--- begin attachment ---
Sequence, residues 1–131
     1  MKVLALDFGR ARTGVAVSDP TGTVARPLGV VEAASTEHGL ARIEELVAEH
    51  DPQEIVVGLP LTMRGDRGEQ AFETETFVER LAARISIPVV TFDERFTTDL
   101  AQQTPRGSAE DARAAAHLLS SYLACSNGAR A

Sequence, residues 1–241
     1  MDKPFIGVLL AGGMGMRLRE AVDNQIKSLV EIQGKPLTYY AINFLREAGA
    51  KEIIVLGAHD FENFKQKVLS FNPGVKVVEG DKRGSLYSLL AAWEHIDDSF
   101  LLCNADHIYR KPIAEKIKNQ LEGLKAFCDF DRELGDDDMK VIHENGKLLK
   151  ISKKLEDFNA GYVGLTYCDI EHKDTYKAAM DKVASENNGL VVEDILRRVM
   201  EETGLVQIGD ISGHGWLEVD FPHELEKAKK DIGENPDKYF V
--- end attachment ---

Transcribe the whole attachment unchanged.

Sequence, residues 1–131
     1  MKVLALDFGR ARTGVAVSDP TGTVARPLGV VEAASTEHGL ARIEELVAEH
    51  DPQEIVVGLP LTMRGDRGEQ AFETETFVER LAARISIPVV TFDERFTTDL
   101  AQQTPRGSAE DARAAAHLLS SYLACSNGAR A

Sequence, residues 1–241
     1  MDKPFIGVLL AGGMGMRLRE AVDNQIKSLV EIQGKPLTYY AINFLREAGA
    51  KEIIVLGAHD FENFKQKVLS FNPGVKVVEG DKRGSLYSLL AAWEHIDDSF
   101  LLCNADHIYR KPIAEKIKNQ LEGLKAFCDF DRELGDDDMK VIHENGKLLK
   151  ISKKLEDFNA GYVGLTYCDI EHKDTYKAAM DKVASENNGL VVEDILRRVM
   201  EETGLVQIGD ISGHGWLEVD FPHELEKAKK DIGENPDKYF V